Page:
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Additive friction modifier in transmission

    What is additive friction modifier (AFM) and why should I care?

    Additive Friction Lubricant (AFL) is a chemical compound used as a friction modifier in gear oils. AFL reduces friction by creating a thin film of oil between two surfaces. AFMs are typically polymers or waxes that coat surfaces and form a protective layer over them. This helps prevent wear and tear, extending the life of machinery.

     

    The Progression of Friction Modifiers

    Friction modifiers in engine oils can trace back to 1915. They’re used first in differentials and wet clutches. Their use escalated significantly in the late 1970s when fuel economy was becoming increasingly important. Fuel economy became very high priority in the 1980s, leading to the introduction of friction modifers in passenger car motor oils in the early 1990s. Today, most friction modifiers in use are designed to reduce friction for better fuel economy. In recent years, the U.S government has set higher CAFE standards for both gas and diesel vehicles. These new standards aim to raise CAFE to 54.5 mpg by 2025.

    Lubricants are used to make engines run smoothly. Viscosity is reduced by adding friction modifiers. These additives attach to the metal surfaces of the engine, reducing friction. Friction modifiers are very effective when there is metal-to-metal surface contact. Organic friction modifiers have a polar head that attaches to the metal surfaces and a chain of molecules that lines up next to each other.

    Polar heads are made up of phosphoric acid (H3PO4), phosphonic acid (HPO3OH) or phosphoric ester. They are also known as phosphates. Their molecules are bonded together by a strong covalent bond. Mono-layers are formed when the molecule is flat. Thick, reacted viscous layers are created when the molecules are bound together by hydrogen bonds. Shearing easily creates a slippery surface.

     

    Organic Friction Modifiers

    Molybdenum ditthiocarbamate (MDC) is used as an additive in engine oil. It helps reduce wear and tear on engines. It also reduces the amount of smoke produced when driving. Molybdenum disulfide (MoS2), a compound similar to MDC, is used in lubricants because it reduces friction. The sulfur atoms in MoS2 bond with oxygen molecules in the air, creating a protective layer over the surface of the metal. This prevents oxidation and corrosion. Molybdenium disulfide is also used in some greases.

    Friction modifiers are used to reduce wear and tear on metal parts. They protect the metal by forming a protective film over the surface. Friction modifiers have a polar head and a nonpolar tail. Polar heads attach to metal while tails attach to oils. Friction modifiers are used in brake pads, piston rings, bearings, gears, and other parts made of metal. The friction modifier helps prevent wear and tear on these parts.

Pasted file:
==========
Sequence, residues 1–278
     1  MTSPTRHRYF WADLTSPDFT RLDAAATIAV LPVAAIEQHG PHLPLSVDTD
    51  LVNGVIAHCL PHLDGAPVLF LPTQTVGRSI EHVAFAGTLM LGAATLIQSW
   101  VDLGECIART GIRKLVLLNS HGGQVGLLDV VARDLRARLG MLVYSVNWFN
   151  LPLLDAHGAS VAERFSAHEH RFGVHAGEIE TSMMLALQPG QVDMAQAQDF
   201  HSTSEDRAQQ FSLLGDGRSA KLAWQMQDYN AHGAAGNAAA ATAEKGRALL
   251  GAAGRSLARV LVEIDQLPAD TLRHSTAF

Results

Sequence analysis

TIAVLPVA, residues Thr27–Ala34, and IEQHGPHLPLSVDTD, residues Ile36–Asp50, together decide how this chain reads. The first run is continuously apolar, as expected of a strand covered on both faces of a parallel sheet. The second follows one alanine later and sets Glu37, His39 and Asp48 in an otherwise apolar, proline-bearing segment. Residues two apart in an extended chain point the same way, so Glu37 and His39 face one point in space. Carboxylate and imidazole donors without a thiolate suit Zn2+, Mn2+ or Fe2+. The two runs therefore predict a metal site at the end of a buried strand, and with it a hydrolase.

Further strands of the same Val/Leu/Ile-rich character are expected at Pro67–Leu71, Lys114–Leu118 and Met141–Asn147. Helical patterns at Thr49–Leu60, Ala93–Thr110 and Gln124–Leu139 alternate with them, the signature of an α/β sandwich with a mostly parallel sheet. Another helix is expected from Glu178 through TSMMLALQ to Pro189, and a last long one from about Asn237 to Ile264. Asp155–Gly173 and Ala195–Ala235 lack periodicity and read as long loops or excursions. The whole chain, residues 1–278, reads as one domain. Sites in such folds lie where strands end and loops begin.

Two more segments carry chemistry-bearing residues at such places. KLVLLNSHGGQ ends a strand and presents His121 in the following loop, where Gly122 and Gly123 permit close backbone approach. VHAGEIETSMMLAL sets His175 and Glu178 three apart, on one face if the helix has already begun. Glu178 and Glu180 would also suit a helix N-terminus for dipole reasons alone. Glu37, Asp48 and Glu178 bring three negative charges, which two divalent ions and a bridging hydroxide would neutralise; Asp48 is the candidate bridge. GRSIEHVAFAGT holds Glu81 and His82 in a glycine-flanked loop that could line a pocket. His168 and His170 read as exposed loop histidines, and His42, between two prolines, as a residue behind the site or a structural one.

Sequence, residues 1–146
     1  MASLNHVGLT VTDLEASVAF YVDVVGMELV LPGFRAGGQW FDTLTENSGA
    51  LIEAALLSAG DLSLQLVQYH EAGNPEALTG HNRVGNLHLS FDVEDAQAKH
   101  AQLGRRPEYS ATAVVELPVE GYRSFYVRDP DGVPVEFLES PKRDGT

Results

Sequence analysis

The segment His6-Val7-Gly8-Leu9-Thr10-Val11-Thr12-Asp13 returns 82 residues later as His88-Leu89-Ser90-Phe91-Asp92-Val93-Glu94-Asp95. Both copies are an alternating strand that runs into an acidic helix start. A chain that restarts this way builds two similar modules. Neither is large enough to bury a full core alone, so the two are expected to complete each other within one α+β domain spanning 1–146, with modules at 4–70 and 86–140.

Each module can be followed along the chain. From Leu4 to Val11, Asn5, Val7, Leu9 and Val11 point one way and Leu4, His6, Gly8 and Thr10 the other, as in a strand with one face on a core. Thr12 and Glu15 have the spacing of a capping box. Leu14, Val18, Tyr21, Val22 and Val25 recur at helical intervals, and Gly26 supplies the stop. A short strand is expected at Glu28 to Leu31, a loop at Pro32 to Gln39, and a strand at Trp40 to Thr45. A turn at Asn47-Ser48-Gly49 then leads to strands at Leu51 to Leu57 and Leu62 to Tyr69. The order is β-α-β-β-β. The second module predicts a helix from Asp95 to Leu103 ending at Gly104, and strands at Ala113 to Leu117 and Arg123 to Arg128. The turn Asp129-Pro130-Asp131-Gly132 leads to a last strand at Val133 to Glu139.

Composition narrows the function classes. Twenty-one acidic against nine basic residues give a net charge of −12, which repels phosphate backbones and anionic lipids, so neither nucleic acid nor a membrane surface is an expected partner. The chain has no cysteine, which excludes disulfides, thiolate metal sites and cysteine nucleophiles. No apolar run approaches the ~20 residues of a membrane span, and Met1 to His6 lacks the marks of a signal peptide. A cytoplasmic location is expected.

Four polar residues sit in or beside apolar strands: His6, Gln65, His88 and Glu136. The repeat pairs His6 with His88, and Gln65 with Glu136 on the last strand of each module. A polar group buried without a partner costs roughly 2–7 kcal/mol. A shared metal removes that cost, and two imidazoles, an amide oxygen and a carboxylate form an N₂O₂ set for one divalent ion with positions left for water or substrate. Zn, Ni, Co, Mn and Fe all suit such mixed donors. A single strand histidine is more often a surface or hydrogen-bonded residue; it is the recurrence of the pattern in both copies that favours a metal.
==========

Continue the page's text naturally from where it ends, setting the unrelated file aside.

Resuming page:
Friction modifiers are used to reduce friction in engines. These additives are added to oil to help prevent wear. The additives are made up of phosphorus and nitrogen compounds. Friction modifiers are also known as antiwear agents because they help protect metal parts from wearing out.

    51% of lubrication professionals use additives in lubricant.

     

    Additive friction modifier: Modern use

    Lubricants with friction modifiers reduce friction and increase efficiency. These additives will be used to create thinner boundary layers. This means there will be more parts operating under thin boundary lubrication conditions, creating more wear and lower efficiency.

    You can add AFM to your transmission fluid to improve its performance. The additive will also help extend the life of your transmission system.

    The additive is usually added to the transmission oil during manufacturing. It’s important to use an additive with the correct viscosity for your application. If you don’t have enough additive, it won’t work properly. You may need to change the amount of additive added to your transmission fluid depending on how much your vehicle travels each year.

    If you’re unsure about what type of additive to use, ask your local dealer. They’ll be able to tell you which one would best suit your needs.

    It doesn’t mean that the fluid won’t get worn off at some point; just that it’ll be slower than if there were no friction modifiers present. Different vehicles use different types of transmission fluids; therefore, manufacturers may specify which type of ATF is suitable for their particular vehicle. Typically, the car’s owner’s manual will include specifications for the fuel tank (or tanks). These may be different than the ones listed here.

     

    Q: How do I know if my transmission needs service?

    A: Transmission problems can occur at any time, but they often happen when the car has been driven hard. In other words, if you drive your car regularly, you might not notice any issues until it breaks down.

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